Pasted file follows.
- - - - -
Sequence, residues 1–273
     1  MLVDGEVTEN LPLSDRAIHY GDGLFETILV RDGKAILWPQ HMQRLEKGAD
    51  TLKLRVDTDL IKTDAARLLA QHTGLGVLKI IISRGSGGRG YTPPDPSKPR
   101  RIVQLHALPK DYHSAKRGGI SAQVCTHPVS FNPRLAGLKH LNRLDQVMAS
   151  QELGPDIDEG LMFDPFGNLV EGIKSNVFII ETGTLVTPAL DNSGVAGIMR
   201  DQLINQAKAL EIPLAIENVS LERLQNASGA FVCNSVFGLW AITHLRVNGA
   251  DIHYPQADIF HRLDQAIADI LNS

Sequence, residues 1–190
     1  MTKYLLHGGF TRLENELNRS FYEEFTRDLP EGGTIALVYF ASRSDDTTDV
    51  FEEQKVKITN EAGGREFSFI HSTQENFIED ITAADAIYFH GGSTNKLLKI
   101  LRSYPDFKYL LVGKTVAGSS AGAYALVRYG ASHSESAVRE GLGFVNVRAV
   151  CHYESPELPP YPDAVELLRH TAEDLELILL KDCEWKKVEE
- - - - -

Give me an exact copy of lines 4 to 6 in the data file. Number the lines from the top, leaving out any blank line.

   101  RIVQLHALPK DYHSAKRGGI SAQVCTHPVS FNPRLAGLKH LNRLDQVMAS
   151  QELGPDIDEG LMFDPFGNLV EGIKSNVFII ETGTLVTPAL DNSGVAGIMR
   201  DQLINQAKAL EIPLAIENVS LERLQNASGA FVCNSVFGLW AITHLRVNGA